17. That is it for wiring! Take a few minutes to check and double-check your work and make sure that your version looks similar to the one in Figures 4 and 5, and generally follows the wiring in the schematic. Look to see if any of the wires or resistor/capacitor leads are touching each other. If you find any, bend them a bit to keep them separate.
  18. Once you think you have everything right, go ahead and turn on the power switch, connect the battery or put the batteries in the battery holder. The servo motor should rotate to a position and stay reasonably steady.
  19. With a light above you, use your finger to cast a shadow on the two sensors, R3 and R4. As your shadow covers one of the sensors the motor will turn. Cast the shadow over the other one and it turns the other way. If your circuit is working, congratulations; it is time to do the art part of this project. If the circuit is not working, do not worry; the Troubleshooting section will help you find your problem and fix it.

Troubleshooting

You might be asking, "My circuit does not work. What did I do wrong?". Breadboards can be tricky sometimes. Try these fixes:

  1. Did you identify pin 1 of the chip correctly and identify the other seven pins? If you hold the chip with the pins facing away from you and the indentation or the small hole at the top, pin 1 will be at the upper left. Count down the left side to get 2, 3, and 4, then starting at the lower right, count up to see 5, 6, 7, and 8.
  2. Are your wires firmly pressed into the breadboard as far as they will go? Check each wire.
  3. Is the diode D1 in the right direction? The black or gray band printed on the body will go toward pin 6 of the chip, and the other end goes into pin 7. The circuit will not work if it is the wrong way.
  4. Do not confuse the resistors. It matters which is which, so double-check the colored stripes.
  5. Remember that each row of holes connects all of the holes together, but not any other rows.

Creating Your Art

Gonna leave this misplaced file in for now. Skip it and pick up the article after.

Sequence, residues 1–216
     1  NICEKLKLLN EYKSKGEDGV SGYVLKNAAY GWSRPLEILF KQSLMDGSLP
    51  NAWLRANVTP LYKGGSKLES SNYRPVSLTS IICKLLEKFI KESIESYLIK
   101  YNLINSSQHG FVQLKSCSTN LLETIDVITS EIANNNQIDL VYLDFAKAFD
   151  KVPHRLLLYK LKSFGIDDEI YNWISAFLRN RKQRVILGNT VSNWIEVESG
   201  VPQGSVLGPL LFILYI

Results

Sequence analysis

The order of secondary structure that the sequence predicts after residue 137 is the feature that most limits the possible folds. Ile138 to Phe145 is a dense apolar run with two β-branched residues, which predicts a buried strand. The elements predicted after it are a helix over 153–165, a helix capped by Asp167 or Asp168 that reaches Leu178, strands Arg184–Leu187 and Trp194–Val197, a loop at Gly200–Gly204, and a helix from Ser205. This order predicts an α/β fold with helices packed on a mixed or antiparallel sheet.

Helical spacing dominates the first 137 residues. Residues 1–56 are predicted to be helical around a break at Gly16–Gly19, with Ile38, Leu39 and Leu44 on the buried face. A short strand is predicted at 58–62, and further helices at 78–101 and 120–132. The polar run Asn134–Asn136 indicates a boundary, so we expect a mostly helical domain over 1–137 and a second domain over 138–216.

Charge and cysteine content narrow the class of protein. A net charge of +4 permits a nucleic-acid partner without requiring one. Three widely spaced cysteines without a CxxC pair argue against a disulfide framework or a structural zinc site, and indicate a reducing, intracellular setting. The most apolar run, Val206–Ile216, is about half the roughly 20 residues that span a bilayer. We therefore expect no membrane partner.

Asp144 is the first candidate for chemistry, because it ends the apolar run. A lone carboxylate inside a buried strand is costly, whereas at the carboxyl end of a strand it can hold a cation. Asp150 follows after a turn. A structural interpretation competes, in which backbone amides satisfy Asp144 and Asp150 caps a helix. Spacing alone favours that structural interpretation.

With the circuit complete, gather your art materials. Use what you enjoy to sculpt with, whether it is modeling clay, gluing foam shapes together, or making things with craft sticks. Figure 6 shows some materials you might find useful. Small servo motors cannot move very heavy objects, so do not make any part of the sculpture too big or heavy.

craft supplies for creating moving art or waving snowman
Figure 6. Some craft materials you might find useful. Clockwise, starting at the top, the plastic servo horn that will move your sculpture's head, arms, etcetera; paper clips, paper cutouts, pipe cleaners, double-sided foam tape, white (school) glue, rubber cement, and modeling clay. Not shown: clear or masking tape, googly eyes, staples and a stapler, glitter, paint, markers.
  • The servo motor itself will need to be stuck into or attached to something. Figure 7 shows the servo stuck into the body of a snowman made of modeling material. The pipe cleaner arms are attached to the servo horn by wrapping them around it, as shown in Figure 7. The snowman's mittens are simply taped on with regular clear tape. Let your imagination take over; what will your sculpture look like? What will you create? Aliens? Monsters? Flowers that sway back and forth?
Attaching servo motor to snowman art using pipe cleaner
Figure 7. The pipe cleaner and snowman hands attached to the servo horn and placed on the servo. Attach the hands so that they will be visible from the front.

Completed circuit attached to snowman
Figure 8. The whole servo motor and circuit need to be attached to the artwork.

Arrange your sculpture like we did in Figure 9 so that the servo motor is hidden (a magician never reveals his or her secrets!) and the light sensors are facing forward. Point a light source at the sensors and wait until someone walks by. As their shadow crosses one sensor, the servo motor will move one way, then the other, as the shadow continues over the other sensor. Our snowman waves a cheery greeting. What will your sculpture do?

A snowman that uses a light-sensitive circuit to wave to you.
Figure 9. A snowman that waves a happy greeting as you walk by!

Communicating Your Results: Start Planning Your Display Board

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Variations

  • If you stick the servo motor into a body so that the rotating shaft points up, and attach the servo horn to a head, your sculpture can turn its head back and forth to follow you as you walk by.
  • The light sensors might not be easy to position in a good spot if they are stuck into the breadboard. You can use wire to extend the leads of the photoresistor light sensors a reasonable distance (perhaps 25 or 30 cm). Solder or twist a wire onto each of the wires on the two sensors and plug those into your breadboard. You can position the sensors farther apart and hide the breadboard.